Microsoft reveals the challenges in making Continuum work in Windows 10 Mobile

Microsoft's Continuum team for Windows 10 Mobile had to deal with some challenges to make their vision of a mobile app work on a big screen monitor. Keri Moran, the Principal Program Manager Lead for Continuum, has revealed some of those struggles in a blog post.

Moran wrote that this work began three years ago when the team came to the realization that while a smartphone packs as much hardware performance as a PC, most people don't really use it for "real work" like creating PowerPoint presentations or making spreadsheets. Moran said that they first talked to customers worldwide about what they wanted to do with their smartphones. They learned that many people cannot live without their smartphone, but they wanted to be able to quickly hook it up to a large screen to do work. Others stated that they didn't have access to a true PC, so they had to do all of their computing work on a smartphone.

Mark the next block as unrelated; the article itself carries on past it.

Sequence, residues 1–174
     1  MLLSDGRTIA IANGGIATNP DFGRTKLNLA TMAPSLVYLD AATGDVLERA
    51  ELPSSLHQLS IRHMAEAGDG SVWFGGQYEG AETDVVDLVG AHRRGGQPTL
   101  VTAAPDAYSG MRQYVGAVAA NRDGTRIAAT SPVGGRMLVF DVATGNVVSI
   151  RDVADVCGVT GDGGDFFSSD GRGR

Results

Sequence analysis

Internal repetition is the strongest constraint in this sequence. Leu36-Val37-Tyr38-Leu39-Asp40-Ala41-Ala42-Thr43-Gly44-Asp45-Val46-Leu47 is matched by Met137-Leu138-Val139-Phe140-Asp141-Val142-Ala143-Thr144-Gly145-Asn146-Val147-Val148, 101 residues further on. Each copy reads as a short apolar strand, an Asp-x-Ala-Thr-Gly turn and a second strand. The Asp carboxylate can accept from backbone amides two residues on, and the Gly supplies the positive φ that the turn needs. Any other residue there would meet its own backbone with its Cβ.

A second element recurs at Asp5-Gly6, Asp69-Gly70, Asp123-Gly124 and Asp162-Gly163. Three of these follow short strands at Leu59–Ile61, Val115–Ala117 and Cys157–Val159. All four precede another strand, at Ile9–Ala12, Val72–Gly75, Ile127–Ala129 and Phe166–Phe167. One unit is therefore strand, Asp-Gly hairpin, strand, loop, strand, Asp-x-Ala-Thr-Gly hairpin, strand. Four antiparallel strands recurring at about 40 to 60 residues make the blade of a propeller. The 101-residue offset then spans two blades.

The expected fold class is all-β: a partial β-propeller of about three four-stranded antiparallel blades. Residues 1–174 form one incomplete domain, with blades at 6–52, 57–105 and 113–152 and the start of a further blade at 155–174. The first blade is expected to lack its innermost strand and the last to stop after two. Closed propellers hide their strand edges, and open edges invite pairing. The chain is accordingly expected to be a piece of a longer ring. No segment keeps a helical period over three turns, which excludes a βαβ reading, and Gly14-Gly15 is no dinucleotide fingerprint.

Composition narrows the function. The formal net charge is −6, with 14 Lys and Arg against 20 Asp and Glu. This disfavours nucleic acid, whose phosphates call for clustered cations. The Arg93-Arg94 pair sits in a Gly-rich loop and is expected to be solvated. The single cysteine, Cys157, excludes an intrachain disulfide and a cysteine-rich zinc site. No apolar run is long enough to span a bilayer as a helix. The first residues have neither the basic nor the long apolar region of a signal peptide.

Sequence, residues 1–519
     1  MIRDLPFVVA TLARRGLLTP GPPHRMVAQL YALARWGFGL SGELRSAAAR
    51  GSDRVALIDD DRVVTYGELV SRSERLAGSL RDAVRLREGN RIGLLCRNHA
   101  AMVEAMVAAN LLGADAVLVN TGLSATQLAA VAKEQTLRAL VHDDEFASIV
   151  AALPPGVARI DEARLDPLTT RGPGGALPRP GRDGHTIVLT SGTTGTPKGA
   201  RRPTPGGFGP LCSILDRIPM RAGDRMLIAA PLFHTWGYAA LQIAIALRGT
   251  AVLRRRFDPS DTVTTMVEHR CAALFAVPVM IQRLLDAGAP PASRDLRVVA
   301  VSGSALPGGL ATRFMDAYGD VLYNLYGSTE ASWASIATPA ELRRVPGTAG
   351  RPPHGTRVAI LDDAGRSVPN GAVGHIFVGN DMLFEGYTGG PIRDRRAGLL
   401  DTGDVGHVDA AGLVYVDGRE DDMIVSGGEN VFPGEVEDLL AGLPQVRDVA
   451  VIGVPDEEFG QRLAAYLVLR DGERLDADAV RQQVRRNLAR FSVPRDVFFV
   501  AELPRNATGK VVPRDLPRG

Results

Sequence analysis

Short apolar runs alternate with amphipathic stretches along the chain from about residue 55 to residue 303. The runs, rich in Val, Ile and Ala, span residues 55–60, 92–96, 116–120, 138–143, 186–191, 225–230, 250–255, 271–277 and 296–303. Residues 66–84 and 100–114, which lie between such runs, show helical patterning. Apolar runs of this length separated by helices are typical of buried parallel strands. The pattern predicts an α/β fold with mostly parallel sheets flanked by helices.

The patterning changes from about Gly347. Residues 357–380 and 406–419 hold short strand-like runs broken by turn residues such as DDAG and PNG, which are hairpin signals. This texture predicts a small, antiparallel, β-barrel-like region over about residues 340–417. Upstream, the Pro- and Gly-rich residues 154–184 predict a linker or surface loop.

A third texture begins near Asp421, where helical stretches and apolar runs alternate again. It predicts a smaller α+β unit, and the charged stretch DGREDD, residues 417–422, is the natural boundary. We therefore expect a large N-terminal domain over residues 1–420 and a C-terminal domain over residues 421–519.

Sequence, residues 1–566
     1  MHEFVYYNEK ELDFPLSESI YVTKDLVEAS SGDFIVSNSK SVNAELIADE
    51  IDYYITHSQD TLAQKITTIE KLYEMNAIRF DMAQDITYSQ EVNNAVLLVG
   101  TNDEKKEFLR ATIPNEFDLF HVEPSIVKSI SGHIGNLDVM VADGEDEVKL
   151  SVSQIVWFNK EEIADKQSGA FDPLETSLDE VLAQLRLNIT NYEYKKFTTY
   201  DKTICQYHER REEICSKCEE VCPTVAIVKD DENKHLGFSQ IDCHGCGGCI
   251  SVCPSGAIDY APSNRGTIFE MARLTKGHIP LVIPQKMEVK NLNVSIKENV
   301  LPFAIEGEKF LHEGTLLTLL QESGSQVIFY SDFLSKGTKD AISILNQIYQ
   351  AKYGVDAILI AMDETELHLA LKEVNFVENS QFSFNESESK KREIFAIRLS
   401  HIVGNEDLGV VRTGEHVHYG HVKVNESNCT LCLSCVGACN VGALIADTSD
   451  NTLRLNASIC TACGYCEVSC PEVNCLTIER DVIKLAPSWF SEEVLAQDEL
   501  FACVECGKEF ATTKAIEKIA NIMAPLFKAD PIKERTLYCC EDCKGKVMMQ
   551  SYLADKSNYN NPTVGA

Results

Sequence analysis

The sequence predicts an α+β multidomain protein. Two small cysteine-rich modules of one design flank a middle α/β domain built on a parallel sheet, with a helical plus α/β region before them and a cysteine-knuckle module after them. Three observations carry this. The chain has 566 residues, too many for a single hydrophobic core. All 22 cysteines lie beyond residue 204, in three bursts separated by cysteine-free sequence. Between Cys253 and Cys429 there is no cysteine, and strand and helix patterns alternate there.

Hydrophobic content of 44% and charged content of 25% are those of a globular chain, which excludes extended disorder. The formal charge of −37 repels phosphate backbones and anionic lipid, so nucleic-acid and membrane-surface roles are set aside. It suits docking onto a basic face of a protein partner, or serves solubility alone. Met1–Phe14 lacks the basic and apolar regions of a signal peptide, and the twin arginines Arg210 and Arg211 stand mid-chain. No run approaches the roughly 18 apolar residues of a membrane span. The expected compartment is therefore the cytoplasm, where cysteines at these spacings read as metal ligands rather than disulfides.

Moran and her team then began working on Continuum for Windows 10 Mobile to solve these consumer problems, but they had a number of issues to deal with:

"For example, there were two paradigms for connecting to a second screen: (1) mirroring your phone's screen to a larger screen or (2) connecting your PC to multiple monitors. We needed to create a new design paradigm with two independent experiences – one on the phone and a separate one on the second screen. This was important because customers wanted to continue to use their phone as a phone, even while having a PC-like experience on the second screen. We spent months iterating with paper and software prototypes to arrive at an experience that was easy to understand and use.""The technical hurdles were just as big. For example, we had to build support for keyboard and mouse into Windows 10 Mobile. And many substantial architecture changes were needed in Windows to make Continuum work."

The final result launched in late 2015 with the release of the Lumia 950 and Lumia 950 XL smartphones with Windows 10 Mobile. Hooking up those phones to a Microsoft Display Dock can allow owners to connect to a big monitor, and use the phone as if it were a PC.

Source: Microsoft

John Callaham